Green architecture expert Professor Vivian Loftness speaking on the value of high performance buildings at Green Cities 2015.

Participants in a Green Cities 2015 workshop, including industry partners of the CRC for Low Carbon Living’s Closing the Loop project, have called for more promotion of the positive effects high performance buildings can have on wellbeing and productivity.

“For business, a low performance building can mean disengaged employees with low performance, higher levels of absenteeism and many thousands of dollars wasted per year in lost productivity,” Brookfield Multiplex sustainability manager Lauren Haas said.

“If office workers, students or patients in hospitals are more informed about what can be achieved through high performance buildings they can help drive demand for these buildings

An industry source who took part in of the one of the debriefing sessions following the conference told The Fifth Estate that outside the premium and A-grade building sector, there was far too little being done to promote sustainable buildings.

“There needs to be a drive from the tenant side. They need to be saying, ‘I want to be in a building that’s good for my workers,’” the source said.

Productivity, while often cited as a reason for improving building performance, has proved elusive to measure, with even the concept itself somewhat contentious, particularly in terms of firms in the knowledge economy. How exactly does an analyst demonstrate higher productivity?

It might be difficult to measure, but the source pointed to significant impacts in terms of firm profitability. In knowledge economy firms where wages and salaries comprise around 80 to 90 per cent of the outgoings, even a one per cent drop in productivity because the office has a low indoor environmental quality represents a major cut to business profitability.

Those productivity drops may be because of lesser efforts due to lack of daylight, poor lighting, high levels of volatile organic chemicals, ventilation issues or, more seriously, absenteeism due to illness brought on by sick building syndrome.

There are a number of frameworks that attempt to measure the impact of occupant perceptions of comfort and its relationship to productivity, such as the Building User Studies framework in the UK, and the new BOSSA and SAMBA technologies developed at the University of Sydney’s IEQ Lab.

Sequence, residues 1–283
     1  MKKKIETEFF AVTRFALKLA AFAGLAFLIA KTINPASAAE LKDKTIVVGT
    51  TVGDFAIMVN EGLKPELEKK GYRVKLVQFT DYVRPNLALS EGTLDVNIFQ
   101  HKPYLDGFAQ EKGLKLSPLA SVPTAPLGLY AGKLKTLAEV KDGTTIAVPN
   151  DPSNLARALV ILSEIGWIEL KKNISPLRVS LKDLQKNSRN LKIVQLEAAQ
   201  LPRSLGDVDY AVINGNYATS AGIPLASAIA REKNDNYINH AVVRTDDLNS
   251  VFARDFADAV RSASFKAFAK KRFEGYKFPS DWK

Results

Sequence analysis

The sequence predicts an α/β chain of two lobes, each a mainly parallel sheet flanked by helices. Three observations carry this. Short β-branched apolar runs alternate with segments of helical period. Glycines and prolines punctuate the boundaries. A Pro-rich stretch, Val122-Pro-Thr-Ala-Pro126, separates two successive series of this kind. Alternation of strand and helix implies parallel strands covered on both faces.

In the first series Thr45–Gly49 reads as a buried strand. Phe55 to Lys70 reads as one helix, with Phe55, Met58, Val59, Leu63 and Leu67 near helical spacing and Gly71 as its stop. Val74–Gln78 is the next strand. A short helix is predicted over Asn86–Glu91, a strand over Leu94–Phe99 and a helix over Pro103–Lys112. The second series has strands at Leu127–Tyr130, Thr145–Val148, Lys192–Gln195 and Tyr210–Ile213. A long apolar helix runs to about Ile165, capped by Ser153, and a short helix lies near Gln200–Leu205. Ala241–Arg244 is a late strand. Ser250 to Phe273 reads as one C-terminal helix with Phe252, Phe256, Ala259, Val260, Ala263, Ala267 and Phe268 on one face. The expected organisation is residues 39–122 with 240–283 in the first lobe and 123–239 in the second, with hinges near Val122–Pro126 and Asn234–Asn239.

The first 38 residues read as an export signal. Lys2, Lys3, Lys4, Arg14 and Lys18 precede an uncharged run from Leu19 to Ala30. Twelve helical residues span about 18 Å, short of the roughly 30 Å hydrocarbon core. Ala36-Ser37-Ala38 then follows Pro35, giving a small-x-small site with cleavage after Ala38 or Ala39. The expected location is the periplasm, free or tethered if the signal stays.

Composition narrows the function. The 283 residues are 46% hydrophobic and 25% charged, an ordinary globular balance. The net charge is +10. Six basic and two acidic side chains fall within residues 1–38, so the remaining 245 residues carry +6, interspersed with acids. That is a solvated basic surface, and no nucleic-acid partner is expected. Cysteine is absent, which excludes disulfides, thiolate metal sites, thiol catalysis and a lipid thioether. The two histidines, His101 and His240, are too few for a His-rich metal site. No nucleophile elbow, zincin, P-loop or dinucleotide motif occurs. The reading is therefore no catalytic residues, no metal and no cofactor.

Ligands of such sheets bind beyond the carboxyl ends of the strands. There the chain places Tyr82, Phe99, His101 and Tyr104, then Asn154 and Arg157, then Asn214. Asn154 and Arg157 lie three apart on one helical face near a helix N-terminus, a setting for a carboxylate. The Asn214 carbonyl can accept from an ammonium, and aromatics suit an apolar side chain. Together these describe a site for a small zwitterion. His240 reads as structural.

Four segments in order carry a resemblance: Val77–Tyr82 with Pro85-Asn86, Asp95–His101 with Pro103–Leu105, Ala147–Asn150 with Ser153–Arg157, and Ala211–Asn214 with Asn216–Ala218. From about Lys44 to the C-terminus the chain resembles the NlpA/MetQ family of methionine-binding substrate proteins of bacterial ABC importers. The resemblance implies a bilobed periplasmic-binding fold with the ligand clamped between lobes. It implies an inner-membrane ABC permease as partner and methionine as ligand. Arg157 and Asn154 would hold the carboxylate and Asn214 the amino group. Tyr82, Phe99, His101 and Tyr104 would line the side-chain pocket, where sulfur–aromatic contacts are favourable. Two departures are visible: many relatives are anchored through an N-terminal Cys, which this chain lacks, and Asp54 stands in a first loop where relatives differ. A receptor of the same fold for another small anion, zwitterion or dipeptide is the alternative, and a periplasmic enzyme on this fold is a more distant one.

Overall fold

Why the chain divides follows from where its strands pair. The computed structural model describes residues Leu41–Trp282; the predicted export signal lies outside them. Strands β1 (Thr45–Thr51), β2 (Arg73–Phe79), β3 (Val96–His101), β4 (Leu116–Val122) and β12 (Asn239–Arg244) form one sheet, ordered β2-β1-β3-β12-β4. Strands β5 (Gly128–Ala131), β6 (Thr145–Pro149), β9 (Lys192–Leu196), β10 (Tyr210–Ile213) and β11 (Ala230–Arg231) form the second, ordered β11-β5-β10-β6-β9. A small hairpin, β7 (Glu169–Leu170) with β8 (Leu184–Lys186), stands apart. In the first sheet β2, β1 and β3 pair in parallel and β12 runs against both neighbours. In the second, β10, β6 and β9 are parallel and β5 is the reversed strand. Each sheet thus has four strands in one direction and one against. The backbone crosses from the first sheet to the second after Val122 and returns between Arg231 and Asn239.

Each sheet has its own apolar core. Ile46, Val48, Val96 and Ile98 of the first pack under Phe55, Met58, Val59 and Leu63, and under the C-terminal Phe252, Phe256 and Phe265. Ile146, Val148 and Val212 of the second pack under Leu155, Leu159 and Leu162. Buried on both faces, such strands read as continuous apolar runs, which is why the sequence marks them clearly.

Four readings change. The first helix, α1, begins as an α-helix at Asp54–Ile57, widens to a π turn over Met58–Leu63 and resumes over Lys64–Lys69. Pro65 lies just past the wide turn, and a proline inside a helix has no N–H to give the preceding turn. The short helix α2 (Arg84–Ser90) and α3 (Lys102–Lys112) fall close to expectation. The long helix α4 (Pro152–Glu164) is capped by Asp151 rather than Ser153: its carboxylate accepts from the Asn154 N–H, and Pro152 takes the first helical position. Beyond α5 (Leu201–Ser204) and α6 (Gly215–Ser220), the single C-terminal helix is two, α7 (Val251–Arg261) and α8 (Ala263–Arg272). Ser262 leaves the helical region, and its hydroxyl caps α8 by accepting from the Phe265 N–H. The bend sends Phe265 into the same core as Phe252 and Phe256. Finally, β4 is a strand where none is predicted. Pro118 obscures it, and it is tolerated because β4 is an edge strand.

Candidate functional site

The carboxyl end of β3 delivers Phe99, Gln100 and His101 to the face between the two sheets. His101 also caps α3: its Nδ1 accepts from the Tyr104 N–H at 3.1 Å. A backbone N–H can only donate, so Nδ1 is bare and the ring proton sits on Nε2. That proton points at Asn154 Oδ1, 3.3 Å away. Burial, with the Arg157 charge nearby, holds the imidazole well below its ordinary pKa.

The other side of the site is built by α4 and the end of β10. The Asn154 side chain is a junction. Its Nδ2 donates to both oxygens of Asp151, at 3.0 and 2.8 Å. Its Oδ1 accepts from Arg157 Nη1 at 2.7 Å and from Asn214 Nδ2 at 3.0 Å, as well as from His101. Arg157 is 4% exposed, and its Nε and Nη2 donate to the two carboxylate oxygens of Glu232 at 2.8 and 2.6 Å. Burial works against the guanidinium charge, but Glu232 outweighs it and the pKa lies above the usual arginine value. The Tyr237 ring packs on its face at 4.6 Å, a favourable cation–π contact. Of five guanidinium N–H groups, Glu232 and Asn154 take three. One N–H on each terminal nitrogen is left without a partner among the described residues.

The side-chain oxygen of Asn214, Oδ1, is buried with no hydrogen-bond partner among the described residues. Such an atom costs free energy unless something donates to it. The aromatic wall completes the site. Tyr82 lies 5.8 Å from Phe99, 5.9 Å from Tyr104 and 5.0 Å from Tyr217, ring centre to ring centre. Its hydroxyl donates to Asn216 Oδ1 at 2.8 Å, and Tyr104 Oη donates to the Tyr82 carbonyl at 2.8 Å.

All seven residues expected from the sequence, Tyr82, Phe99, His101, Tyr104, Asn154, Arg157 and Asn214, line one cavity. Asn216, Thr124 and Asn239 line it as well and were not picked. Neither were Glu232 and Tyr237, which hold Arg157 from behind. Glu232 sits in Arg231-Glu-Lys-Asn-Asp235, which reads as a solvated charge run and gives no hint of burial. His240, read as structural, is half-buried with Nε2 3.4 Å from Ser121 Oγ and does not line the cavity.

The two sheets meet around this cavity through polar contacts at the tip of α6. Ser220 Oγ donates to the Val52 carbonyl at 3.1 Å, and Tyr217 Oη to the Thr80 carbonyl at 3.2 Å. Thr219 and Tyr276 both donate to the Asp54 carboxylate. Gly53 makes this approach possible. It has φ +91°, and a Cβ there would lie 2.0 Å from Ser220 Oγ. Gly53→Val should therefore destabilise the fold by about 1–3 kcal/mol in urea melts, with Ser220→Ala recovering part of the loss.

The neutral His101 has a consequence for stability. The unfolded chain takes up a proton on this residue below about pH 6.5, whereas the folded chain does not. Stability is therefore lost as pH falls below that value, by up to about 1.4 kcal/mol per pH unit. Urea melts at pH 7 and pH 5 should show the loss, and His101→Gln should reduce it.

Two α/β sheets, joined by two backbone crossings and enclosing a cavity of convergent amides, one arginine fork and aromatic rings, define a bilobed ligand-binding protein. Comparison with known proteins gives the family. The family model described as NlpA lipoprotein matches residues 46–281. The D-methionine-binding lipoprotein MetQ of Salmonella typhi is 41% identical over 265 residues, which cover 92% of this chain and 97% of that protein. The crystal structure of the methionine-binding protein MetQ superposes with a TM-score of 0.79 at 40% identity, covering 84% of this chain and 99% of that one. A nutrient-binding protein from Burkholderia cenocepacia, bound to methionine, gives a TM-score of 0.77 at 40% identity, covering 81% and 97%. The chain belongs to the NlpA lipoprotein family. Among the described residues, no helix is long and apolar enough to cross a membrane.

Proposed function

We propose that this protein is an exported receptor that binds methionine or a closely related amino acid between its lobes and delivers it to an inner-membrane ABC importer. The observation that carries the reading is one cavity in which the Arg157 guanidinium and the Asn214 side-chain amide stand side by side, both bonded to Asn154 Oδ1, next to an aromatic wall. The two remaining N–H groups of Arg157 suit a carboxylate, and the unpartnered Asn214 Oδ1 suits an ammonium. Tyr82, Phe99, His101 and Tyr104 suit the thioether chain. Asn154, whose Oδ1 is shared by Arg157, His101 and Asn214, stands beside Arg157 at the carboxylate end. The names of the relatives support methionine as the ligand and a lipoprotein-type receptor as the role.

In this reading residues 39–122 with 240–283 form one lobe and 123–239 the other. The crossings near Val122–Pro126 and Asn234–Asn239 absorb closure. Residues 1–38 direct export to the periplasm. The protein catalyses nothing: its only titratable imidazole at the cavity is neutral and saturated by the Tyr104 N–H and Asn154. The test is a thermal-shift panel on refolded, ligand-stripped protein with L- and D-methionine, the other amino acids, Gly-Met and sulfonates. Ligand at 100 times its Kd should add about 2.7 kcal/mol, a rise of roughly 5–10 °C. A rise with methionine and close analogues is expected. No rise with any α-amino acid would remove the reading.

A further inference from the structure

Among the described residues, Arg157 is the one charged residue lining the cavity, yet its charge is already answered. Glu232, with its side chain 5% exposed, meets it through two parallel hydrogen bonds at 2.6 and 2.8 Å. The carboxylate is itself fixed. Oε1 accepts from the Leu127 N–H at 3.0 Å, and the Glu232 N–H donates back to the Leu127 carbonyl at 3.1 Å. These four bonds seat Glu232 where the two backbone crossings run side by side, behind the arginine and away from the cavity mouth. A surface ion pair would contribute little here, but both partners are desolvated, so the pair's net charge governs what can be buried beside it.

SAMBA won the People’s Choice Award at this year’s Green Cities Weapons of Mass Creation competition.

In design terms, the source said that if a designer wanted to deliver a building with increased perceived comfort and efficiency they needed to “take the user into the game with you”.

“Unless users are engaged in the way of how that building works and responds it won’t have the outcome,” the source said.

“It has been difficult to convey that value as a proposition to the [large real estate firms] that manage buildings. It is very low on their radar. What is high on their radar is ‘what gives the least number of complaints’.”

Where Australia was missing out is that much of the architectural conversation is about aesthetics, while lip service is paid to sustainability, which comes “later down in the piece” the source said.

Brett Pollard, head of knowledge and sustainability at HASSELL said there was plentiful research and evidence from academic experts such as green architecture expert Professor Vivian Loftness, who spoke at conference. However, the message about the benefits of sustainable buildings was still “not getting through to people who are procuring buildings”.

“Ultimately if you construct a building that does not take advantage of the evidence, organisations and businesses are missing out on the opportunity to create workplaces that are healthier and more effective,” Mr Pollard said.

AECOM’s Lester Partridge said that an example Professor Loftness gave contrasting consumer awareness about cars, laptops and buildings was instructive.

“People know more about the features of a car, which may only be owned for three to five years, or a laptop, which might last two or three years, than they do about the features of a building that will last in excess of 30 years. The conversation about high performance buildings needs to change and people need to be more aware of the true cost of buildings,” he said.

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  1. Perhaps we should also discuss the definition of a high performance building; just because a building has a decent Nabers rating doesn’t mean its a high performance building, that is, the indoor environment may be so poor, due to the energy management of the air to achieve the Nabers rating, that the building is uncomfortable to work in. Should a “high Performance” building rating be universal and in line with Nabers? Should it include all the ratings (base, whole, indoor, etc) as a single rating before we call the building “High Performance”. This also adds support to “taking the user into the game” to ensure the building environment supports their workers productivity. I’d be interested in other people’s point of view on this.

    1. Yes, 100% I agree. A high performance building should include consideration of comfort/health/efficiency. We can’t focus only at rating of the building via one target. Rating systems are good but not good enough to reflect a high performance building. Look at a German Passivhaus or Swiss Minergie house. All are low energy houses but never sacrifice indoor comfort and health. There are many possibilities to define different high performance buildings in different Australia climate zones.